The state court also noted, in dicta, that it was reasonable to doubt the bona fides of the plaintiffs. The court found that inferences could be drawn that plaintiffs did not bring the action in good faith for a legitimate and proper purpose. The court based its conclusion on reports of organized crime control and bid rigging in the concrete industry. Moreover, the court determined that 90-100% of the concrete market in Manhattan was in the control of two of the plaintiffs, Certified Concrete Co. and Atlas Transit Mix Corp., while most of the other plaintiffs were located outside the Manhattan market, and had never before even bid on City projects. The Appellate Division, First Department, unanimously affirmed the dismissal of plaintiffs' action.2

B. The Federal Court Action

Within two weeks of commencing their simultaneous state and federal actions on December 11, 1986, plaintiffs served the defendants with document requests and notices to take depositions in the federal antitrust suit before this Court. Depositions were scheduled to commence on January 14, 1987 with document production by January 26. After several adjournments requested by the City, discovery began in mid-February, and by the end of February the City had produced thousands of pages of responsive documents. Between February 26 and April 10, 1987, plaintiffs took ten days of depositions.

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With plaintiffs' discovery well underway, the parties turned to defendants' discovery requests. It is plaintiffs' response to these requests that is at the core of the City's motion for sanctions.

1. The City's Quest for Documentary Discovery

The City served its document requests on February 17, 1987, and its notices of deposition on March 4, 1987. Responses were due by March 19, 1987. Upon stipulation of the parties, that response date was extended two weeks to April 2, 1987. On April 2, plaintiffs served Rule 34 Responses to the City's document requests (" the April 2 Responses" ).3 See Miller Aff., Motion to Compel, Ex. B-M. The eleven concrete producers submitted separate Responses but each included identical general objections claiming that many of the requested documents contained confidential information relating to prices, operating costs and market share and territory information-such as how much concrete each plaintiff had delivered and to whom it was delivered-and would only be produced to the City pursuant to a proposed confidentiality stipulation and order. See Miller Aff. Motion to Compel ¶ 18.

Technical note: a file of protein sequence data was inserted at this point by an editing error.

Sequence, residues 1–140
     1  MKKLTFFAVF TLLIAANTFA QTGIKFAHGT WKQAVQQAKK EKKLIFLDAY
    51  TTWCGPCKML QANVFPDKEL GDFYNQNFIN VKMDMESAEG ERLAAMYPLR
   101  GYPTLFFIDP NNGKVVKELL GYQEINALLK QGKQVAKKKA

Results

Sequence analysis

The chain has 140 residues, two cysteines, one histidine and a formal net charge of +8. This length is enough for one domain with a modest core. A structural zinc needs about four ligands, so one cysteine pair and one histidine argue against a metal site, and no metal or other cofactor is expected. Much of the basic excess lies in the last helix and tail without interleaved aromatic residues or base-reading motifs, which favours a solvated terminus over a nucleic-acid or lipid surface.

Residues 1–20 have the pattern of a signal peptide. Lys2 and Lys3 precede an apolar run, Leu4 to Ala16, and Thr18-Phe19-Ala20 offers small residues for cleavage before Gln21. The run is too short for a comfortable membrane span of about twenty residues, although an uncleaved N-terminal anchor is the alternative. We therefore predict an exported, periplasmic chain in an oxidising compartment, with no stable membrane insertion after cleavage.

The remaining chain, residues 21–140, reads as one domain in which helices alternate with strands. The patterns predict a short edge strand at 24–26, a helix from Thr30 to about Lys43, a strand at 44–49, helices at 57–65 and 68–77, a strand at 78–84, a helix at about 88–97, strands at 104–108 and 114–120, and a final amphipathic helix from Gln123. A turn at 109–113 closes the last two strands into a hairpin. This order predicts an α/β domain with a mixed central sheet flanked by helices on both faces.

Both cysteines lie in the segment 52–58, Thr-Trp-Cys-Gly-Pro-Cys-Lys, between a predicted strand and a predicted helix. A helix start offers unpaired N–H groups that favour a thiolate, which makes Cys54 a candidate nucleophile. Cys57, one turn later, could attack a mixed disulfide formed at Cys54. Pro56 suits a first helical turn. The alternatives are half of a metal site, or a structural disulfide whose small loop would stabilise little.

On April 2, hours after plaintiffs served their initial Rule 34 Responses, plaintiffs' counsel learned that some of the plaintiffs were not willing to produce their documents relating to price, cost and customers at all because they no longer believed the City was able, even under a proposed confidentiality stipulation, to keep information out of the hands of competitors.4 Consequently, plaintiffs' counsel sent a letter (" the April 2 letter" ) to the City in order to clarify " some ambiguity" which " may have resulted" in the " rush to generate" the Rule 34 Responses. See Miller Aff. Ex. B. In the letter, counsel explained that the objection to producing confidential information, as set forth in General Objection H of the Rule 34 Responses,5 as well as any other applicable objection, should be applied generally without regard to an agreement on a proposed confidentiality stipulation. Plaintiffs had thus decided not to allow discovery of any of their purportedly confidential documents unless their stated objections were overruled by this Court.

On April 3, 1987, at a conference before the Court, plaintiffs' counsel admitted that they were having an " enormous problem ... trying to convince [their] clients that [material relating to prices, costs and customers] is something that need be discovered here." Ex. 37 at 12. The Court, by Order dated April 14, 1987, then directed plaintiffs to produce all documents to which they did not object by April 22, 1987. The Court also ordered a stay, precluding plaintiffs from taking further depositions of City witnesses until plaintiffs provided the City with meaningful discovery. Without document production, the City was unable to conduct its noticed depositions. See Ex. 38. By the April 22 compliance date, plaintiffs had only produced documents in response to five of the City's thirty Requests.

On April 30, 1987, the City served counterclaims against five of the plaintiffs (John Quadrozzi, Quadrozzi Concrete Corp., Joseph A. Ferrara, Ferrara Bros. Building Materials Corp., and Marine Pollution Services Inc. d/b/a Certified Concrete Co.) and third-party claims against two additional parties (Edward J. Halloran and Transit-Mix Concrete Corp.). The counterclaims and third-party claims alleged antitrust violations similar to those that plaintiffs alleged against the City. See Ex. 49.

On May 13, 1987, frustrated with plaintiffs' refusal to disclose information which

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the City deemed to be at the heart of the...